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CEPS European Neighbourhood Watch. Issue 56


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CEPS European Neighbourhood Watch. Issue 54

Editorial by Michael Emerson: "Sequel to the Lisbon Treaty for the EU’s diplomatic representation"

The new High Representative, Catherine Ashton, has got to work on the forthcoming European External Action Service, butwithout yet as far as we can tell going into important issues of the EU’s presence in the multilateral organizations, which today is an obsolete jumble of ad hoc arrangements. There is something to be done here which goes far beyond the complicated but only secondary matter of reorganisation of Council and Commission staff in Brussels.

The EU is now endowed with international legal personality by the Lisbon Treaty. A first taste of its implications has already been registered at the UN Security Council. In New York as elsewhere in the world the nameplate of the European Commission is now replaced by the nameplate of the European Union. So far not so exciting, maybe. But the next slightly more important step has been for the coordination meeting of the EU and its member states to prepare a position to be presented to the Security Council, which is now presided by the EU Head of Delegation, not by the ambassador of the rotating presidency.

But there are far bigger questions looming up, namely the status of the EU and its member states, and their respective voting weights, in virtually all the world’s multilateral organizations, both political and economic. The EU declares its commitment to an effective multilateral world order. But the obsolescence of it representation in most organizations becomes increasingly clearly now an obstacle to just this. The G8, with four EU member states plus the Commission, has now been virtually put to sleep in favour of the G20, which however sees a fairly anarchic degree of effective gate-crashing by various states including yet more from the EU (Spain and the Netherlands).  But at least the EU is fully present itself there, now presumably with its two presidents Van Rompuy and Barroso in summit meetings. By contrast the EU has no regular place in the UN Security Council, the IMF or World Bank. Not even the Eurozone has a formal place in the IMF, whereas some smaller EU member states like Belgium have a bigger weight still than China. At the OSCE and OECD the EU is just an observer. On the other hand the Commission is a shareholder and has a director at the EBRD alongside the member states, and it is a member of the FAO. So, today there is no system, just a set of ad hoc arrangements.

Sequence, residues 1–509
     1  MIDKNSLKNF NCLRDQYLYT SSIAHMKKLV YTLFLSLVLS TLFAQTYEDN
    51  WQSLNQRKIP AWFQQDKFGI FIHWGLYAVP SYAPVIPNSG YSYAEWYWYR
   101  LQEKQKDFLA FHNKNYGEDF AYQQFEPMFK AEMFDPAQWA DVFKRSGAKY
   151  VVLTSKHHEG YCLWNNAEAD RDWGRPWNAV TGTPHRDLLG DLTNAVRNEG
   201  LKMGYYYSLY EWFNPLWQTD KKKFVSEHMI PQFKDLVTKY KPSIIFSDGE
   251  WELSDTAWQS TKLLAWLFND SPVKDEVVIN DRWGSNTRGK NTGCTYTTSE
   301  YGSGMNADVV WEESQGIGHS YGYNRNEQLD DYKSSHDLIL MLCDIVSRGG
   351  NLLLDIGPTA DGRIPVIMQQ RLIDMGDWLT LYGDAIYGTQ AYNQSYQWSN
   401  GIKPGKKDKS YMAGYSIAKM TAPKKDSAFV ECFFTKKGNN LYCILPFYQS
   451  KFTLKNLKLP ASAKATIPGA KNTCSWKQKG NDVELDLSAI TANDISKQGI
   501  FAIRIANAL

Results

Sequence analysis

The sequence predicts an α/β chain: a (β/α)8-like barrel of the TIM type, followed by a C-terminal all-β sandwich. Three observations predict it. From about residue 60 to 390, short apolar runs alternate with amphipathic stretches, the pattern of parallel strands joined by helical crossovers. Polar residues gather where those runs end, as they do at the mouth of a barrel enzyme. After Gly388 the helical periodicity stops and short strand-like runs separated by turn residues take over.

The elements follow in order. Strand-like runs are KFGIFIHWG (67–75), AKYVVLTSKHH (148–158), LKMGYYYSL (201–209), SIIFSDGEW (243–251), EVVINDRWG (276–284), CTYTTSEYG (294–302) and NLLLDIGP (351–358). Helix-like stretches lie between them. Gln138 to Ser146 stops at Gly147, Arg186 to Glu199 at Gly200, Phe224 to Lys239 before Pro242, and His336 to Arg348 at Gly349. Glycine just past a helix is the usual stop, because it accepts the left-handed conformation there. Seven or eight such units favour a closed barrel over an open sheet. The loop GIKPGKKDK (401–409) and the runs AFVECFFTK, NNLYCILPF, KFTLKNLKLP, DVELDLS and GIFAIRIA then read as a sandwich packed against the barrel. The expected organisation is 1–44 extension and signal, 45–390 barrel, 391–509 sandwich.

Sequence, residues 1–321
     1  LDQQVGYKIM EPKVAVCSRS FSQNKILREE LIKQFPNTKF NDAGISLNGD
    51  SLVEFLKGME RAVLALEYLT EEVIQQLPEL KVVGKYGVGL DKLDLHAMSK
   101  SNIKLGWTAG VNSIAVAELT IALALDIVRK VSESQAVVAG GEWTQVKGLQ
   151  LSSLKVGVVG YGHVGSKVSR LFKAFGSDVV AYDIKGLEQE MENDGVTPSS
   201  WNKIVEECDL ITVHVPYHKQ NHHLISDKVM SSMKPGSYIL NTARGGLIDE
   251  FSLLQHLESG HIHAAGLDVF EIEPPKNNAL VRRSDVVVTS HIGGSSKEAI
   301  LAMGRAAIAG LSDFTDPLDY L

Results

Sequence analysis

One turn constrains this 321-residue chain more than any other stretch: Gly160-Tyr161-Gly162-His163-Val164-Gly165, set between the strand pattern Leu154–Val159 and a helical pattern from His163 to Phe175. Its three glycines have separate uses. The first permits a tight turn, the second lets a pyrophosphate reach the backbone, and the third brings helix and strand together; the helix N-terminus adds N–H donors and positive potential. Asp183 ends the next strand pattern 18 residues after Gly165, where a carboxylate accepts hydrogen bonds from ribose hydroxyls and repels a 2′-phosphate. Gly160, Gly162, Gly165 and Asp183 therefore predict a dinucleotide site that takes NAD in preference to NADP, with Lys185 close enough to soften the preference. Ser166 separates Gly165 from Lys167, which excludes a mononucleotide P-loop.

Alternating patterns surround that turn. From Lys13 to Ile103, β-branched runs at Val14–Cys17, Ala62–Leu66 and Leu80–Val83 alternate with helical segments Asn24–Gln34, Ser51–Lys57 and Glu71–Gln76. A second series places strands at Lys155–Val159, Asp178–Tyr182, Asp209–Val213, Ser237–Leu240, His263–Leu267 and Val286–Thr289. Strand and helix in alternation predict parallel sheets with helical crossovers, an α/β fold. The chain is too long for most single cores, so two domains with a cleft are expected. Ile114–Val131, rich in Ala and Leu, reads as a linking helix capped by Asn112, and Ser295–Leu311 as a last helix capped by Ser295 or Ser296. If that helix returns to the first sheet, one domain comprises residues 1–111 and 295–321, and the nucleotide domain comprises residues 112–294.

The overrepresentation of the member states and under- or non-representation of the EU itself means that the governing bodies are impaired in their effectiveness and legitimacy. The Obama administration has been described as the most multilateralist in intent of all US administrations of recent decades, but it is also pragmatic, and will not support multilateral organizations that cannot for any reason be reformed. The EU also wants to draw China, India, Brazil and Russia into a new world order. If this is truly so the EU has to be consistent and reform its own presences in the organizations that exist in order to assert itself more clearly and to make way for these newly emerging or re-emerging world powers.

Therefore the new High Representative would be well advised to set up a working group to conduct a thorough review of the status quo, and formulate recommendations over how to bring the EU’s status in the multilateral organizations more in line with today’s realities and needs. No doubt there should be a schema that sets out a range of short, medium and long-run perspectives. Not everything at once. But there should be a concept, a method and an early start.

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№2(41), 2010